Jaume Plensa: “Sculpture is the best way to raise questions”

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I recently had the opportunity to see the MACBA retrospective in Barcelona dedicated to Jaume Plensa, the great, famous worldwide, Catalonian sculptor.

It is a tour throughout nearly three decades of his work in which we must, in the first place, go through a great photograph of his studio, full of a plethora of models and sketches, materials, tools, notes and traces of a lifetime. After this, the itinerary continues with an impressive great steel question, “Firenze II”, which gives way to his artistic wonder world where the questions are the foreground of all his constructions. Plensa creates from a particular way of seeing the world in which he explores its internal relationships, looking as well to communicate with those who look upon his sculptures.. He not only opts to transform the space his art is in but also transforms the vision of the spectators, whether they be neighbours, locals or tourists and always with an optimistic vision. It’s not that he looks at the world through rose-tinted spectacles but that he shows confidence in that anything is possible.

One of the main distinctions that most define him is the strength of the volume, image, words and sound of his works. I warn you that facing these is overwhelming and not only because of their size but also because of what they represent and because he often uses the human figure to draw you in and make you involved in his message. It’s really marvellous.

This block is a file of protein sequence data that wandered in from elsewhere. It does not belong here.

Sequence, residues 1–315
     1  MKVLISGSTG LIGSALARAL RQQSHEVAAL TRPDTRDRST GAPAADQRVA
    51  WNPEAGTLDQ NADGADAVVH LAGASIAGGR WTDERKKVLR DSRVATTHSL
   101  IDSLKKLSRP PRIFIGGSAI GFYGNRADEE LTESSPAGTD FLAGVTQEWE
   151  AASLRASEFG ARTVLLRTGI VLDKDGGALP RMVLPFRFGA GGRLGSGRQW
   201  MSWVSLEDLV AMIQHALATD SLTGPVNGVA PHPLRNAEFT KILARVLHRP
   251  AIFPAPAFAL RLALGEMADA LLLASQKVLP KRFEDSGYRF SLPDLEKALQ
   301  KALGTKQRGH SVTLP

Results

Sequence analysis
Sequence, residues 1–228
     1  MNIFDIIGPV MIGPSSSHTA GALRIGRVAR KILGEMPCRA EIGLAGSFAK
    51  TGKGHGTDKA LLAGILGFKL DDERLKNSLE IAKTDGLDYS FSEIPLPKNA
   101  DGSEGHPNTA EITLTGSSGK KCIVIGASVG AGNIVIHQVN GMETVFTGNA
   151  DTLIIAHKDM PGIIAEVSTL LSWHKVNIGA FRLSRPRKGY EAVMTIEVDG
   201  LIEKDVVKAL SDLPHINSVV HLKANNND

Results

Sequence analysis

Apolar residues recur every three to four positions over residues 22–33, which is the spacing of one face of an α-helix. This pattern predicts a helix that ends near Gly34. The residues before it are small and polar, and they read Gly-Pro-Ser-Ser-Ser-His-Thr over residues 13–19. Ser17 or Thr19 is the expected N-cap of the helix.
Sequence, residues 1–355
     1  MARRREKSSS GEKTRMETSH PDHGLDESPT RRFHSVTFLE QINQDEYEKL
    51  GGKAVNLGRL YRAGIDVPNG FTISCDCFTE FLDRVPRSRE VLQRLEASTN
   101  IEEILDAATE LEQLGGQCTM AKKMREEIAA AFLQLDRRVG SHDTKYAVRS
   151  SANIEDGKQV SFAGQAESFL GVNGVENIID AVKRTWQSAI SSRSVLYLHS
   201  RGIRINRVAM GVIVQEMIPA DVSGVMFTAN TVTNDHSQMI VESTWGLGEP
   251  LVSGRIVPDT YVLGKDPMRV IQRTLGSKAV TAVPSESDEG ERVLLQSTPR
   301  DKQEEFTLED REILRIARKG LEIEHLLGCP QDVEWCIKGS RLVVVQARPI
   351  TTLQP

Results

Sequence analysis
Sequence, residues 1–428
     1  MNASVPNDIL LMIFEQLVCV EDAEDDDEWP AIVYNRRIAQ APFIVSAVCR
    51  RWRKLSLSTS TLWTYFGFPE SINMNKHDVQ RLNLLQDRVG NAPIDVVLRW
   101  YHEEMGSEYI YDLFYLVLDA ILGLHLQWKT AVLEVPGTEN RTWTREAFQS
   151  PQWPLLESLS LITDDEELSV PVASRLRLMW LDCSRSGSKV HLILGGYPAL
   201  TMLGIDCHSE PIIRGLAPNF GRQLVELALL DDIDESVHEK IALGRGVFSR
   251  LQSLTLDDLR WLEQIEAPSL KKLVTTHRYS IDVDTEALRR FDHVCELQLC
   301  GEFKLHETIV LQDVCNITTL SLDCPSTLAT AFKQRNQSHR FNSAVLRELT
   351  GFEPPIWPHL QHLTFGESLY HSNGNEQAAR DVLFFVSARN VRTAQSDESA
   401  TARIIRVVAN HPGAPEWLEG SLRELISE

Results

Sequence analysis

At the expo there are pieces inside and two facilities in the outside like “The Heart of Trees” and“The Heart of Rivers”. They all stand out because of their perfect balance between reflexion, poetry, art, science and music which has always been present in his life – his father had a piano at home which he played, while Plensa hid behind it and felt sound in a different way -. Another curiosity of his colossal works, in many cases, is the lightness with which they manifest themselves even though they have been built from steel.

As you enter his world you realize that Plensa’s work is full of references to art itself: from the classics to conceptual, from the Renaissance to historical avant-garde. Plensa speaks through his art and the art of past artists taking their intellectual and formal legacy as raw materials. He is also an artist who reviews social and cultural history to help us question things and to shed light to certain areas that need it – “The Dream” in Sutton-St. Helen, Merseyside, England, where the mines used to provide jobs for the locals, is a good example of this.

Likewise, as I said earlier, the body as representation of all things human shows in his work as a constant. He also always uses measures to make his work simple and honest. In fact, he is considered by many as “the sculptor of humanity”. “Glückauf”, is a sample of this where we can see this all letters and mobile texts correspond to literal texts of the Universal Declaration of Human Rights approved by the UN in 1948. And it’s a piece the spectator can move through… Plensa’s  intentions in this case is to make us think about Europe in the present, the increase in fascism and about the intense and confusing times we are living in.



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